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Despite A US Embargo, China's Government And Military Purchase Nvidia Chips

Despite A US Embargo, China's Government And Military Purchase Nvidia Chips
According to a report citing information from the tender documents, Chinese military entities, state-run artificial intelligence research institutes, and universities have over the past year purchased small quantities of Nvidia semiconductors prohibited by the U.S. from sale to China.
The transactions by mainly unidentified Chinese sources show how difficult it will be for Washington, even with its sanctions, to fully cut off China's access to cutting-edge American chips that could support AI advances and powerful military computers.
It is permissible for Chinese citizens to purchase or sell expensive American chips, and according to publicly accessible tender records, numerous Chinese companies have purchased and received Nvidia semiconductors since the restrictions were put in place.
These include the slower A800 and H800 chips Nvidia later produced for the Chinese market, which were also banned in October, as well as its more potent A100 and H100 chip, whose exports to China and Hong Kong were prohibited in September 2022.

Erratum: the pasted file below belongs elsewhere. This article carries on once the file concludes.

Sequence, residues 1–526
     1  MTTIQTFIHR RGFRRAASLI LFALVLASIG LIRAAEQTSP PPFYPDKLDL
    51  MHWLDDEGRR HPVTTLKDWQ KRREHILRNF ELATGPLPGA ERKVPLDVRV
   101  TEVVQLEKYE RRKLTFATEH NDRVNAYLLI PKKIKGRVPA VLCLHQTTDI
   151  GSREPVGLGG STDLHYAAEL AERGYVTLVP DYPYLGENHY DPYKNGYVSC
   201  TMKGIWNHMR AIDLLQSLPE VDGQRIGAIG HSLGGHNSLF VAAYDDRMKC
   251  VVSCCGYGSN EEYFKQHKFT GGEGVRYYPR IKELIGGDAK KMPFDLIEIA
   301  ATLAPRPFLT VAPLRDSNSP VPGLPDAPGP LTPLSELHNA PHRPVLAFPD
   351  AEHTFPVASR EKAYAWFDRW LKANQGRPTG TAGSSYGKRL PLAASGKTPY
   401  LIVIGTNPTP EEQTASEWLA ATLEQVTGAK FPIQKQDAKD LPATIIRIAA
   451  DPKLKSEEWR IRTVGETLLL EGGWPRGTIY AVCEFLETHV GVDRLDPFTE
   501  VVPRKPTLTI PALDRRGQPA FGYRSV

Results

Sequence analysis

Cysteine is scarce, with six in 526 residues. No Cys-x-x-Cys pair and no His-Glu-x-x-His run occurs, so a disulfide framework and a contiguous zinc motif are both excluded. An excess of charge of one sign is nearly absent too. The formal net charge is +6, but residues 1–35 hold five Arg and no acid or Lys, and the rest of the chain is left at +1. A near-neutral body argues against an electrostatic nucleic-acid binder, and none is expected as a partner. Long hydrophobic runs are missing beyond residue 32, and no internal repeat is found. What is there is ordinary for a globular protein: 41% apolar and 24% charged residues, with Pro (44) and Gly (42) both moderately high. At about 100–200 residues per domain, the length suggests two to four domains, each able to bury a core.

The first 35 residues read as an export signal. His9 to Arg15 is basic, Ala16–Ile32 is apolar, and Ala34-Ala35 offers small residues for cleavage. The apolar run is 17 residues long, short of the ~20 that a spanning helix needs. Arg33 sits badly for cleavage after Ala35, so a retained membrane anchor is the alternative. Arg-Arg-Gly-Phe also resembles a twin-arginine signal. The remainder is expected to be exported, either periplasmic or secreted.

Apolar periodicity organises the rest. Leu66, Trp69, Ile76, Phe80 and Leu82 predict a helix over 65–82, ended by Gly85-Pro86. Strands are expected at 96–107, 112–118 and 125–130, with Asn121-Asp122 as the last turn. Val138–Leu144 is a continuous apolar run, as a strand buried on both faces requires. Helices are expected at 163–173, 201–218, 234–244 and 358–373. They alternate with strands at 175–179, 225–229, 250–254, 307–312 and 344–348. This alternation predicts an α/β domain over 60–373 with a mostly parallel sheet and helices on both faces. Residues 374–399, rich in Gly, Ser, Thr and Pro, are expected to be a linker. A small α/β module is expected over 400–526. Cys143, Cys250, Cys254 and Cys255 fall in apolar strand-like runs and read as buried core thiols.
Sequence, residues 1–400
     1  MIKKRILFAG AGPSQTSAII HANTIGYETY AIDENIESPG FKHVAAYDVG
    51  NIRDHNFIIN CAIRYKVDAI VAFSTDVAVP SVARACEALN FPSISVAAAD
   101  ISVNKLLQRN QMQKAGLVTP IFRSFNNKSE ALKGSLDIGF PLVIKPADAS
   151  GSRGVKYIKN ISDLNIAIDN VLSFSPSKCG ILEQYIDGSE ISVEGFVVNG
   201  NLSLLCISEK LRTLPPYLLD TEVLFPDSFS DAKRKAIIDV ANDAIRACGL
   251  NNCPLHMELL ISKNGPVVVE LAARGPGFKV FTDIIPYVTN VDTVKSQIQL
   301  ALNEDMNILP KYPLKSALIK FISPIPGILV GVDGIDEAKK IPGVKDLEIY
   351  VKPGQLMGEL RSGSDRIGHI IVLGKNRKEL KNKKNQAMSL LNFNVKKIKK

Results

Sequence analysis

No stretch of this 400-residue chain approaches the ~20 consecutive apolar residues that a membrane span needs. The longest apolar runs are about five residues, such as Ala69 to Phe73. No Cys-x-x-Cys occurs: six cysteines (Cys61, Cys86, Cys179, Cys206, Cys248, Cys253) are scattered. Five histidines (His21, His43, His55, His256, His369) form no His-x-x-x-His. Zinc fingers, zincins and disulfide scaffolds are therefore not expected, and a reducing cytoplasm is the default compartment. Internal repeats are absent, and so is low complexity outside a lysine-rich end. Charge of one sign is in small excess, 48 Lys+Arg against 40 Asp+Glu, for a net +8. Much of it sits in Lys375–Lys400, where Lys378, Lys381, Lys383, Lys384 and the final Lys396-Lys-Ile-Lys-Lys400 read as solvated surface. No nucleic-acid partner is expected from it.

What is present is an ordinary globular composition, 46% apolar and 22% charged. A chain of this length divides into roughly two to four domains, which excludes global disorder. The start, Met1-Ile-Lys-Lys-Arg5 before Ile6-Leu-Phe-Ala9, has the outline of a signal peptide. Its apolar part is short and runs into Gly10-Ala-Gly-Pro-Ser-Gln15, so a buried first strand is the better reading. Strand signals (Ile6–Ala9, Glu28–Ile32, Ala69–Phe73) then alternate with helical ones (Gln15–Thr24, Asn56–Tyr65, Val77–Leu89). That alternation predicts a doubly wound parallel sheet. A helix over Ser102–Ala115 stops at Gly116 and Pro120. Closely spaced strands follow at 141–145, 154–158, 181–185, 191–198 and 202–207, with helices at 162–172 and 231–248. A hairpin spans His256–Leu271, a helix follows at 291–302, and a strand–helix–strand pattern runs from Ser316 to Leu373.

Because they can process the massive volumes of data required for machine-learning jobs more efficiently than competitors' products, Nvidia's chip type, graphic processing units, is commonly regarded as being considerably superior to them for AI work.
Even if competing goods from Huawei and other companies are only getting started, Chinese companies still lack effective alternatives, as seen by the ongoing demand for and access to restricted Nvidia chips.
Nvidia held a 90% market share in China for AI chips prior to the sanctions.
Among the purchasers were prestigious universities and two organisations that are restricted from export by the United States: the University of Electronic Science and Technology of China and the Harbin Institute of Technology. These organisations have been charged with engaging in military affairs or having ties to a military organisation that goes against the interests of the United States as a nation.